Anyone who has ever attended Seders, the ceremonial Passover meals, knows that an essential part is the Haggadah, the text that recounts the exodus of Jews from Egypt.
No, you won’t find lots of references to the ritual food in it. Instead, you’ll find God’s list of “25 things you didn’t know about me,” the “Which god are you?” quiz, and “Yes We Conserve,” a Facebook application “designed to help you save money, energy, and the planet.”
I called its creator, Carl Elkin, with some burning questions: Where did you get the idea for this? Is it irreverent to write a Haggadah to promote a Facebook application? And will you use this Haggadah at your own Seders this year?
A computational chemist, Elkin says he’s convinced that global warming is a serious problem. So he created the “Yes We Conserve” application to encourage others to reduce their carbon dioxide emissions. But he needed a way to publicize it.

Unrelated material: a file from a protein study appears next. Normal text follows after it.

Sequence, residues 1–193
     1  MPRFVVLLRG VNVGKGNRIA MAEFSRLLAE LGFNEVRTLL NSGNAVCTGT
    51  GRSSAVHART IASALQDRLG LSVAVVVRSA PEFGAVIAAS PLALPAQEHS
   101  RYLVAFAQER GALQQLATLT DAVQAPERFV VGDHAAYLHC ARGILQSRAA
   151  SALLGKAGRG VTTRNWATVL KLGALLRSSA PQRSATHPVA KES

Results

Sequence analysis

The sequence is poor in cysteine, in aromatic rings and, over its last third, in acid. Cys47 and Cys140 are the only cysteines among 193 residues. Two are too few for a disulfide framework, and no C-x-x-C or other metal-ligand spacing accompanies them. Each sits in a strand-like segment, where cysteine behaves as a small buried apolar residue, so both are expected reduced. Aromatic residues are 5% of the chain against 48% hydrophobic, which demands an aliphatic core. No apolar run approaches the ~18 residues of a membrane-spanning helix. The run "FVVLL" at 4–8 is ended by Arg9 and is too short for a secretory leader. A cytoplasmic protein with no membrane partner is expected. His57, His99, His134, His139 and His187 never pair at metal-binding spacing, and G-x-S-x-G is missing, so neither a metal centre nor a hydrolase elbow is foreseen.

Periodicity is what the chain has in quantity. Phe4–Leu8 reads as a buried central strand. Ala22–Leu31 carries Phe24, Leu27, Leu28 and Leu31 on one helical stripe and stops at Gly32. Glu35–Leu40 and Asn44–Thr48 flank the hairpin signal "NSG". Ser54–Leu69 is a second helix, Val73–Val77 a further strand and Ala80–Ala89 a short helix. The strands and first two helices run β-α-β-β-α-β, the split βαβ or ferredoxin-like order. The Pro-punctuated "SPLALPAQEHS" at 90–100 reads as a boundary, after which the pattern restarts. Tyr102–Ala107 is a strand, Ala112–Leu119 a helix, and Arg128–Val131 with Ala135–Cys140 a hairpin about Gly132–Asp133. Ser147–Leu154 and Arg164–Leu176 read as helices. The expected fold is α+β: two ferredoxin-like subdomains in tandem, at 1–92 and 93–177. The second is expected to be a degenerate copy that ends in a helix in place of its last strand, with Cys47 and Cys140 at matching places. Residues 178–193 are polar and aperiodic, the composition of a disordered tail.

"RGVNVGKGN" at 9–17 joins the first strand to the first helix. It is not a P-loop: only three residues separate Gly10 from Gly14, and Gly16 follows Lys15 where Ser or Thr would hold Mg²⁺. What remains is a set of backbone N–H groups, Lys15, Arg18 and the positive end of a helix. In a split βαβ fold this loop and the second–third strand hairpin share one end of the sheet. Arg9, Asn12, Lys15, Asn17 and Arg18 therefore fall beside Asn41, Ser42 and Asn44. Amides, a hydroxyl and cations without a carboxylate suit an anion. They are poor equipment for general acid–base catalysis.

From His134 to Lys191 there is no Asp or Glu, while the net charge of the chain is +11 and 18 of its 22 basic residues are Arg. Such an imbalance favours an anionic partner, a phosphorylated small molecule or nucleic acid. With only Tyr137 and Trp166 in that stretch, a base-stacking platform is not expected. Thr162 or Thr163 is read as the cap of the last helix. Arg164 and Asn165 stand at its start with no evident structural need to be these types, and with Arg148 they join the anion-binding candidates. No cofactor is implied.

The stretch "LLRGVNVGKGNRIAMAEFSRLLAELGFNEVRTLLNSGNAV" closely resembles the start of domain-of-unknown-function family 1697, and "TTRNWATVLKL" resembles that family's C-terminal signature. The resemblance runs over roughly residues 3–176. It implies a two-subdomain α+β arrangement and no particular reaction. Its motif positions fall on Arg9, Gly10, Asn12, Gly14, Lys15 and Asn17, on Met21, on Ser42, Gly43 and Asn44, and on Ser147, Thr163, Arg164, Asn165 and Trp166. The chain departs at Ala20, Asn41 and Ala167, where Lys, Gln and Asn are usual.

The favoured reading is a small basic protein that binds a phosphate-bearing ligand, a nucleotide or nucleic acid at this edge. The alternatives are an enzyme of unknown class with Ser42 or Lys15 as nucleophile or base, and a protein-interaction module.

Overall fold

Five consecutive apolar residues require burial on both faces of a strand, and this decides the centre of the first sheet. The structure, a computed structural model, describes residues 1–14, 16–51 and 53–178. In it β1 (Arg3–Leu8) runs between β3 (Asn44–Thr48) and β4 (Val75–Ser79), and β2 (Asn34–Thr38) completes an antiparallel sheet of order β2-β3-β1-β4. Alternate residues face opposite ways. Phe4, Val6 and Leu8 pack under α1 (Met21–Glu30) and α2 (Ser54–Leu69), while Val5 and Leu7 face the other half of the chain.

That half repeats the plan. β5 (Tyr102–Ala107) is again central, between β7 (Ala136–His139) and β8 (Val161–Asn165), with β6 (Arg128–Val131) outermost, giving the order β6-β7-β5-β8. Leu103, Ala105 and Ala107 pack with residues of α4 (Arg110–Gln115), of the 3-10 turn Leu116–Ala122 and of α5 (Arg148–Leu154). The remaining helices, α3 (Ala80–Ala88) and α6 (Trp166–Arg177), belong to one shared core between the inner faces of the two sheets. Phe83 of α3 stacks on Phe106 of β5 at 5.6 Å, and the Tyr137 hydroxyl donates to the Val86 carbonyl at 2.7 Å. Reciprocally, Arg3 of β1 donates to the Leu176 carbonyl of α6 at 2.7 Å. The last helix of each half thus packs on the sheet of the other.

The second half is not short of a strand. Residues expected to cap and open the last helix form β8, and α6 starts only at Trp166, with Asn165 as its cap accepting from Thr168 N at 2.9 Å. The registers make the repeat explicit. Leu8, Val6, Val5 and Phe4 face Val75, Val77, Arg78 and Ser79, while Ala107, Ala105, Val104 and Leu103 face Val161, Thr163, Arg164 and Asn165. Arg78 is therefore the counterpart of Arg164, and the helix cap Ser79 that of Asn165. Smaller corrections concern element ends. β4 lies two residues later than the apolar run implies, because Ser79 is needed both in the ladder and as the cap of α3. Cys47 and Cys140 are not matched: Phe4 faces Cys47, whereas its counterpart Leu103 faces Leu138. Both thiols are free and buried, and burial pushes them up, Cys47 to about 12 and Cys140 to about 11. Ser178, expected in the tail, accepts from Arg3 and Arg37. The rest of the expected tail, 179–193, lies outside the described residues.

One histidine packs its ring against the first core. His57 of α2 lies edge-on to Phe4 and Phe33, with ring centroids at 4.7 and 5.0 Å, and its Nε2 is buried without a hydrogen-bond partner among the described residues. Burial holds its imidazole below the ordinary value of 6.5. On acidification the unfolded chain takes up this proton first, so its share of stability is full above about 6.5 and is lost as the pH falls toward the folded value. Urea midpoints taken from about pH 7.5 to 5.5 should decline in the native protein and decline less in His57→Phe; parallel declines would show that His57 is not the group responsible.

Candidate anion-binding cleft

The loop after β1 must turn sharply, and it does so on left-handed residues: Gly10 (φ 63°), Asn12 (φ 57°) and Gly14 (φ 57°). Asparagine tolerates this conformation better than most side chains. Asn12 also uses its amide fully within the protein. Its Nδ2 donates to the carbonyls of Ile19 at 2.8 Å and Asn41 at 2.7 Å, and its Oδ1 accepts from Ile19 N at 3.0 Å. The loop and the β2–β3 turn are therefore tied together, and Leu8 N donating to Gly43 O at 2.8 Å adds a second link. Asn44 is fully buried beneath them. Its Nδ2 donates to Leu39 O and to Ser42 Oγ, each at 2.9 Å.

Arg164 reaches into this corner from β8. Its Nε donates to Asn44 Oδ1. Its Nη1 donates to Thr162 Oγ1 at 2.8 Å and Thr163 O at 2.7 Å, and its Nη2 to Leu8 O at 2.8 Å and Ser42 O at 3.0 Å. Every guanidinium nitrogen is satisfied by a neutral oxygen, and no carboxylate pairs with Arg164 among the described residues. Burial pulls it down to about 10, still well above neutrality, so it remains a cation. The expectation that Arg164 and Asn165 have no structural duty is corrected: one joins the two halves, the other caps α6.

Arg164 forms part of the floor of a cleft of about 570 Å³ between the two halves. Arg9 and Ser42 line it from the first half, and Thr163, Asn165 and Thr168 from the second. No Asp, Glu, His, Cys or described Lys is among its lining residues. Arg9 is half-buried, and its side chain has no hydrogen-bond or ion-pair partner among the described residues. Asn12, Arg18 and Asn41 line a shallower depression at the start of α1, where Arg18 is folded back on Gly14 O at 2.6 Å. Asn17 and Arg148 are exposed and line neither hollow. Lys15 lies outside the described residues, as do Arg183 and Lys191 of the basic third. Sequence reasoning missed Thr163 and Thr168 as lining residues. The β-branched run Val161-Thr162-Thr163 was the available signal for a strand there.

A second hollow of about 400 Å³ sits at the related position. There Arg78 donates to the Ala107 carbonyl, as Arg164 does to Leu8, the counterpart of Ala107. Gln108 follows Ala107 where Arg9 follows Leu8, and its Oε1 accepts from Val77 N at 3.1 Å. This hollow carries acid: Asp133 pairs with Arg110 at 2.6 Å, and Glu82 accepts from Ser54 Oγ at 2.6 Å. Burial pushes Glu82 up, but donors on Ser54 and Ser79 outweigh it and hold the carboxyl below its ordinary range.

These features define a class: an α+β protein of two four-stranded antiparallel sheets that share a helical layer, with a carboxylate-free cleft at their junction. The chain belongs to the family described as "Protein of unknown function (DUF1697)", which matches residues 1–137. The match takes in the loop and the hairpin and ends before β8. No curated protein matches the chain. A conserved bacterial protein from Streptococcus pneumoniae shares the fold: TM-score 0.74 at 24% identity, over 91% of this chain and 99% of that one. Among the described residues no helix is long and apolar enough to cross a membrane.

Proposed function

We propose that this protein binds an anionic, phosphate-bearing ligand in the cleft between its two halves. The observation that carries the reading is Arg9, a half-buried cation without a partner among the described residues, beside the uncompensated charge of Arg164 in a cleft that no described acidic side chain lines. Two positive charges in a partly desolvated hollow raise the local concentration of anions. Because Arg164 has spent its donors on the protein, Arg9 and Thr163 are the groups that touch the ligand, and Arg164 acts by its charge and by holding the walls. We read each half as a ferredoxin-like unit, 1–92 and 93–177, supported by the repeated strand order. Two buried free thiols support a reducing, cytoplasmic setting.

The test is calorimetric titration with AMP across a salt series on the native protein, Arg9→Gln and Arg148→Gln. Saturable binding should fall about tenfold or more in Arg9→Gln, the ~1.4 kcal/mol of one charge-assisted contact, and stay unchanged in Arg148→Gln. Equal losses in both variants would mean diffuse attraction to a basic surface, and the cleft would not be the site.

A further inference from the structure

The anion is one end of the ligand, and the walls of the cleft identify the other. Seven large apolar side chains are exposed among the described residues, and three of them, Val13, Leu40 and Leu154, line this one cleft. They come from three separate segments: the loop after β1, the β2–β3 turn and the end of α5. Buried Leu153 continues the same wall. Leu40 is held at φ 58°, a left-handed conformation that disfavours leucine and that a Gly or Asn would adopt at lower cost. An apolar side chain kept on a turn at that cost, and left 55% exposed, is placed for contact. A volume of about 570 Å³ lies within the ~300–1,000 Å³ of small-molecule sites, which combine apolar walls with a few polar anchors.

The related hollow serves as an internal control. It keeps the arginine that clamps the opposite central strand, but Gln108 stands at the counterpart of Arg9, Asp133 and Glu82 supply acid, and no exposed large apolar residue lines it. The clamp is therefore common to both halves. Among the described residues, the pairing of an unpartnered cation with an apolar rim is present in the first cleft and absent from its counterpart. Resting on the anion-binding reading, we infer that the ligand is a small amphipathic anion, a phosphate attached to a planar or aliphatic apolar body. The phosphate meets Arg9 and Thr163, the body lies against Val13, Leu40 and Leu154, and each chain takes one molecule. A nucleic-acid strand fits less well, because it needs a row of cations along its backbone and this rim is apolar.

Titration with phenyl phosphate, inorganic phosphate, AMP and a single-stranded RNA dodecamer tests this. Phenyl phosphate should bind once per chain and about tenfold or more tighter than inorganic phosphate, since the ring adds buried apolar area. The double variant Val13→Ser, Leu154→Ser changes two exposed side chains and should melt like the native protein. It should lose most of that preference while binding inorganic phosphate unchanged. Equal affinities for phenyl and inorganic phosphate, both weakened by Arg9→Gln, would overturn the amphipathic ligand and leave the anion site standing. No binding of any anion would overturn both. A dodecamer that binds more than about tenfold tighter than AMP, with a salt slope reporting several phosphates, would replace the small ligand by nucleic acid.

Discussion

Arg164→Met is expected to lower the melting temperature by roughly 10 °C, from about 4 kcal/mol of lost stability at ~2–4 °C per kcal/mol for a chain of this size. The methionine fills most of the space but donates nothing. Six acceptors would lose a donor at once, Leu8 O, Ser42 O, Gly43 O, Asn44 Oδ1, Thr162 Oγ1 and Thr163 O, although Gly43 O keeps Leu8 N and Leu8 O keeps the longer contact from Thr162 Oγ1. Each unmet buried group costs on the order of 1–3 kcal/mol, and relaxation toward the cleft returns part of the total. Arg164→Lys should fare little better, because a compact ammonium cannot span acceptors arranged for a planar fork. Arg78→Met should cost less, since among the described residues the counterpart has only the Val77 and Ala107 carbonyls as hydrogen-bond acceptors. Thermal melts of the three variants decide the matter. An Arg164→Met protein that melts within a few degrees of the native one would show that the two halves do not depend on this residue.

In the tradition of the Facebook version of “Hamlet,” he wrote this Haggadah with “Yes We Conserve” in mind.
Reaction, Elkin says, “has been amazingly positive. … I was worried that some would perceive it as sacrilegious, but literally not one person has said that.”
He’s also quick to point out that he doesn’t profit from the Facebook Haggadah, other than gaining almost 10,000 visits to “Yes We Conserve” in about a week. (He released the Haggadah on March 29.)
Because he wrote it, you’d expect Elkin to use the Facebook Haggadah at his own family’s Seders.
“Probably not,” he says, “because it’s not traditional.”